DIN EN 1065 GBM props: manufactured in compliance with the world's toughest standard.

GBM's heavy duty props are certified in compliance with the DIN EN 1065 standard, which defines one of the toughest standards in the construction industry. Discover what the "quality" of a prop actually means.

The UNI EN 1065 standard

GBM's heavy duty props are manufactured in compliance with the requirements laid down by the DIN EN 1065 standard, with a certificate awarded by the German university institute (https://www.tum.de/) just like the world's most prestigious companies in the industry, PERI and DOKA.

But what does this actually mean?

When was the UNI EN 1065 standard written? And by who?

The UNI EN 1065 European standard was approved by the CEN on 10 June 1998, and came into force from 1999.

The CEN, an acronym standing for “Comitato Europeo di Normazione” in Italian (European Committee for Standardisation in English, Comité Européen de Normalisation in French, Europäische Komitee für Normung in German) drafted this standard in three official versions, in English, French and German. Translations into other languages used in Europe carried out under the responsibility of a CEN member and notified to the Central Office, have the same status as the original official versions.

CEN members are the national standardisation bodies of the following countries:

Austria, Belgium, Denmark, Finland, France, Germany, Greece, Ireland, Island, Italy, Luxembourg, Norway, Holland, Portugal, United Kingdom, Czech Republic, Spain, Sweden and Switzerland.

Why are DIN EN 1065 props divided into classes? And what are the implications behind belonging to one class as compared to another?

The standard per se provides for classifying into different classes.

Prospectus 2 of the standard lays down the classification of the prop into classes or models, depending on length at maximum extension (at 50 cm intervals between one model and the other, for example between D35 and D40) and the nominal characteristic resistance.

Classes A, B and C props must comply with the nominal characteristic resistance values required for the respective maximum extensions; classes D and E props instead apply a nominal characteristic resistance to any possible extension length thereof.

Which elements does the DIN EN 1065 standard define?

The standard outlines the typical definition of a prop and its components.

More in detail, it defines:

  • Adjustable telescopic steel prop;
  • Terminal sideboard;
  • Fork head;
  • Threaded ring nut;
  • Inner pipe;
  • Outer pipe;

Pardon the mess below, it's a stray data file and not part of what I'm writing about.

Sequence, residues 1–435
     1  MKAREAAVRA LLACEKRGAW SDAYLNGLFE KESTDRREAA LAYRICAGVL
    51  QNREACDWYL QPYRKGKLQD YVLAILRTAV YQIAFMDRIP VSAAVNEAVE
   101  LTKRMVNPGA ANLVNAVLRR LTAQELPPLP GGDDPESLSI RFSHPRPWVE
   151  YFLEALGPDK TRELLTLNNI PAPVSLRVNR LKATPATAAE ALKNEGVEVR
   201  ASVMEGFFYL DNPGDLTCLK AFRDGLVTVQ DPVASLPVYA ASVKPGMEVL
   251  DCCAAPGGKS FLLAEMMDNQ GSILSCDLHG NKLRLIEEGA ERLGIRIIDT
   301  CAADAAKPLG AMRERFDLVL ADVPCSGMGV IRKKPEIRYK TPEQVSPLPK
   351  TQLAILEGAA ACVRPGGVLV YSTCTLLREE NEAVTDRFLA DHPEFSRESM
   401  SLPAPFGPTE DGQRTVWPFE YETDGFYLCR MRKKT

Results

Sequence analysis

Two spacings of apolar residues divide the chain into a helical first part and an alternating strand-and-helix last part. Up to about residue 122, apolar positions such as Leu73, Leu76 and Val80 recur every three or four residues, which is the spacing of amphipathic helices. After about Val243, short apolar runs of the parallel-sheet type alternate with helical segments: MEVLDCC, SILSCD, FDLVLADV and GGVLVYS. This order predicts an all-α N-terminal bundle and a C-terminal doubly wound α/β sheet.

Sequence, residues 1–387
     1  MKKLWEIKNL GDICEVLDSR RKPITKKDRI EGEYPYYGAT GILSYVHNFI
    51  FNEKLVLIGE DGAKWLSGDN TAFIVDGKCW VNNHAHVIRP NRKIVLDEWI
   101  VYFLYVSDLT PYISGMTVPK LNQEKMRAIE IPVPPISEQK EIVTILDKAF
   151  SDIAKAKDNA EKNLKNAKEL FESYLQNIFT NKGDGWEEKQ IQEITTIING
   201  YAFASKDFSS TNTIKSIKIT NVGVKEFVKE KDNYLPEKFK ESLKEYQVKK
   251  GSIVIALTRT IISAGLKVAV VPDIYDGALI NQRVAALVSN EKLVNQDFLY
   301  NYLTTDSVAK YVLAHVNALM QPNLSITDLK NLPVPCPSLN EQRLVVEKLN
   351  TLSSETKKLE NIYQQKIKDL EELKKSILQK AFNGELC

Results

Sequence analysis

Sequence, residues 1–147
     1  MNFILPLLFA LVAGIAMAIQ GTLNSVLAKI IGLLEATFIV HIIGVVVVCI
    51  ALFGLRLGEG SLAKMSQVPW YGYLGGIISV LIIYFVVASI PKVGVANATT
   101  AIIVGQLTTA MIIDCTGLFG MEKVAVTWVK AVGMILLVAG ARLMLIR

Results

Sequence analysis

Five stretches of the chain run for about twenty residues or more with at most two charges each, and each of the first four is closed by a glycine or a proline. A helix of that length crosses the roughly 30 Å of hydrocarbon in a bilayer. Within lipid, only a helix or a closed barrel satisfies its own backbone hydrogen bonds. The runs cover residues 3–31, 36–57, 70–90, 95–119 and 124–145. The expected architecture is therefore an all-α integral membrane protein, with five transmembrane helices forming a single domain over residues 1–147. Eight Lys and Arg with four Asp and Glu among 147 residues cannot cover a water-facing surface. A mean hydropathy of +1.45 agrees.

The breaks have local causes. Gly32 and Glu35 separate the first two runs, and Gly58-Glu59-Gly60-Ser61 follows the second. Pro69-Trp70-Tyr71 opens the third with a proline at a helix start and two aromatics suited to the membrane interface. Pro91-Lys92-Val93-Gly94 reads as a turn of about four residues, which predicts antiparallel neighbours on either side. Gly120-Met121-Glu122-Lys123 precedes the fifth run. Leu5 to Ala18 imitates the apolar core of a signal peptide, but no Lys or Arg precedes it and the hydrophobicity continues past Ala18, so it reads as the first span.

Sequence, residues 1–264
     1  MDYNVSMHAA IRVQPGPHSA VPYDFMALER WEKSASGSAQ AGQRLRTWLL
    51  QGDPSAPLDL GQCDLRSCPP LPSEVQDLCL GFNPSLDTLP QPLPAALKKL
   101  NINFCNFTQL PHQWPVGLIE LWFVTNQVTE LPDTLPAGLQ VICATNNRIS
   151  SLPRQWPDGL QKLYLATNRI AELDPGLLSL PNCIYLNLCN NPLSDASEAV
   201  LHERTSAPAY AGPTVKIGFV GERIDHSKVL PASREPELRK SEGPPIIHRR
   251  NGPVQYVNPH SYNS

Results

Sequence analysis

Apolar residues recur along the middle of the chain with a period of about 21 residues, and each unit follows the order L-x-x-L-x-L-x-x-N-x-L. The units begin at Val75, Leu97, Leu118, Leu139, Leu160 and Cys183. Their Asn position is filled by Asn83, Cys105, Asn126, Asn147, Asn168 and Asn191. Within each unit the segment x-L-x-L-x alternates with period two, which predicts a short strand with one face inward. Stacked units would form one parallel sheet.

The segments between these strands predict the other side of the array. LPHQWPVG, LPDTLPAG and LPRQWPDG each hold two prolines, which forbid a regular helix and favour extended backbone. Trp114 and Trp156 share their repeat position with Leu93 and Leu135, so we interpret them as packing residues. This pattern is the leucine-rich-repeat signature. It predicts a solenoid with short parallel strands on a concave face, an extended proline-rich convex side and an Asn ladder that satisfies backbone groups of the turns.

• Length adjustment device;
  • Pin;
  • Length at maximum extension;
  • Main principles regarding units of measurement and names.

Which specifications are laid down regarding materials?

The standard indicates which types of steel can be used as source materials (for example type FU steel obtained from de-oxidation is not allowed), it addresses impurities and defects as well as corrosion protection measures.

Partly referring to other pre-existent European standards on materials, bars, pipes and casting, the EN 1065 standard establishes:

  • Any limits to changes carried out during cold processing (such as shear yield strength);
  • The five finish degrees, from F1 to F5, of the single components of the prop, including minimum protection measures against corrosion, in particular minimum thicknesses in microns, as concerns hot-dip galvanisation.

Which specifications are laid down regarding configuration of props?

The standard provides for defining the configurations of the following elements that the props are made up of, alongside the processes implemented for their manufacture:

  1. Pipes, with the conformity definition of the cross-sections of the pipes in compliance with the pre-existent EN and ISO standards, minimum thicknesses of the pipes and how the holes are drilled;
  2. Welding, to be carried out in compliance with the EN 729-2 standard;
  3. Length adjustment device, with definitions and adjustments regarding threading, ring nuts, pins and the relative nominal minimum diameters;
  4. Permanent device against inadvertent slipping off;
  5. Sizes, shapes (divided into five classes from A to E) and the materials the sideboards are made of;
  6. Dimensions and configurations of the fork heads in the fixed fork head props;
  7. Hand protection anti-shearing system;
  8. Minimum extended length and distance between the prop in the fully open and fully closed configurations thereof (not less than 1.00 m)
  9. An at least 300 mm overlapping length between the inner pipe and the outer pipe when the prop is fully open;
  10. Data provided by the manufacturer regarding the props.
  11. Which other specifications are provided?

    The standard also outlines the steps of the prop verification process, specifying the technical data of the properties of the components the prop is made up of, as well as the verification methods with the aim of meeting minimum requirements. Specifications regarding theoretical verifications and test methods regarding physical features of the props are also laid down.

    The last paragraph also lays down specifications regarding marking, which must be stamped, or provided in relief, or provided on a steel plate fixed to the prop; the marking must indicate:

    • Class of the prop;
    • The relative standard (EN 1065);
    • The code identifying the name or trademark of the prop's manufacturer (G as regards GBM);
    • Year of manufacture of the prop (the last two figures).

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DIN EN 1065 GBM props: manufactured in compliance with the world's toughest standard.

GBM's heavy duty props are certified in compliance with the DIN EN 1065 standard, which defines one of the toughest standards in the construction industry. Discover what the "quality" of a prop actually means.

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